It’s a crazy, crazy, crazy, crazy world at the Brooklyn townhouse of Lily Allen and David Harbour. Dressed in a fearless pasticcio of chintz balloon shades, crystal chandeliers, pink silk, tiger-patterned textiles and Mylar wallpaper, the house delivers a full-throated rebuke to the current vogue for muted good taste wrapped in a straitjacket of beige. With an able assist from AD100 designer Billy Cotton and architect Ben Bischoff of MADE, Allen and Harbor conjured a familial fantasyland of bold beauty and individual gourmet vision. In short, it’s a knockout.
“Lily is the one who really set the tone and ran the show. Every time I tried to calm it down, she kept pushing and pushing for more,” Cotton says of his adventurous, British-born client. Harbor also credits his formidable spouse for the stylistic bravado that propelled the idiosyncratic project. “Lily is someone who lives with color in a deeper way than most. Her taste is bold, silly, fun, eccentric—it’s exciting,” says the strange things actor and star of the recent blood splattered Christmas spectacle Violent night.
The canvas for the couple’s free-wheeling exercise in decorative derring-do is a stately late-19th-century Italianate brownstone in Brooklyn’s Carroll Gardens neighborhood. “The facade was badly deteriorated, and the interior was … well, let’s say it was very run-in,” Bischoff recalls of the house’s plight. “But after decades of renovations and peeling away a lot of faux wood paneling, we found a surprising amount of original moldings and doors, which gave us a good starting point to rethink the architecture. David and Lily were not interested in formality, especially with Lily’s children in the house. They wanted to preserve the details and character, but they also wanted to live in it in a casual, family-friendly way.”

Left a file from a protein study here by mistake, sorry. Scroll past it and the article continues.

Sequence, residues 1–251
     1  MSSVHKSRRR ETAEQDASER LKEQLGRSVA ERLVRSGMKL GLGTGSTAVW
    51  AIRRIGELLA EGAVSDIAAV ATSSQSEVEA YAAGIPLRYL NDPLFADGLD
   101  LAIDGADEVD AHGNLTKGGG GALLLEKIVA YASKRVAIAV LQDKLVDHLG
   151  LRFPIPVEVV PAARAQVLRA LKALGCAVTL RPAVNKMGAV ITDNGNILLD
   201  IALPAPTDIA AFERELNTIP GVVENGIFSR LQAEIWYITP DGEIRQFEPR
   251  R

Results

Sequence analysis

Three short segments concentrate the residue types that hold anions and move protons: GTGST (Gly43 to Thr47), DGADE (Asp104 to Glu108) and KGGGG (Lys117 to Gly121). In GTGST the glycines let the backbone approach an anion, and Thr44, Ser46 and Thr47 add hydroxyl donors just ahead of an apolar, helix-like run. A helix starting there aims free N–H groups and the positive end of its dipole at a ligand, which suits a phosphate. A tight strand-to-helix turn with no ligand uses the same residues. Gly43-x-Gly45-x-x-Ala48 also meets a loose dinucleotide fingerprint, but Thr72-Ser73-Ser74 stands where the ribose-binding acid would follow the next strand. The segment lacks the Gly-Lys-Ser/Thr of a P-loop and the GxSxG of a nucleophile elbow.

Cotton launched the design journey by laying out three clear directions for the interiors: traditional English, modern Brooklyn townhouse, and finally layered Italian, “as if they had inherited the house of a mad Italian. nonna with great taste,” says Cotton. It didn’t take long to get on the preferred scheme. “This neighborhood has historically been Italian-American, so the idea of doing something with an Italian flavor wasn’t that far-fetched,” explains Allen. “I’ve always been interested in interiors, and I’ve always done my own houses. But it was a big undertaking, and I needed help. Together, Billy and I tried to reach for something strange and wonderful,” she says.
The eccentricities of the house extend to both the extravagant decor and the atypical layout. Consider the primary bath-cum-sitting room on the second level. With its wall-to-wall floral carpet, Zuber wallpaper and basin stands fashioned from Louis XVI-style commodes of gilded bronze and parquet, the room is a far cry from the modern ablution splendor of sleek book-matched marble walls and sculpture. free standing baths. (In case you’re wondering about the carpet, the toilet and shower are in another room entirely.) From the stairwell, one must traverse the bath to access the windowless primary bedroom, improbably located in a cloistered room between the bath is located. at the front of the house and the changing rooms along the back facade. “Billy would say, ‘You know it’s a little crazy,’ or he brings up resale value. But this is our home, and we want to live in it in a way that works for us,” asserts Allen.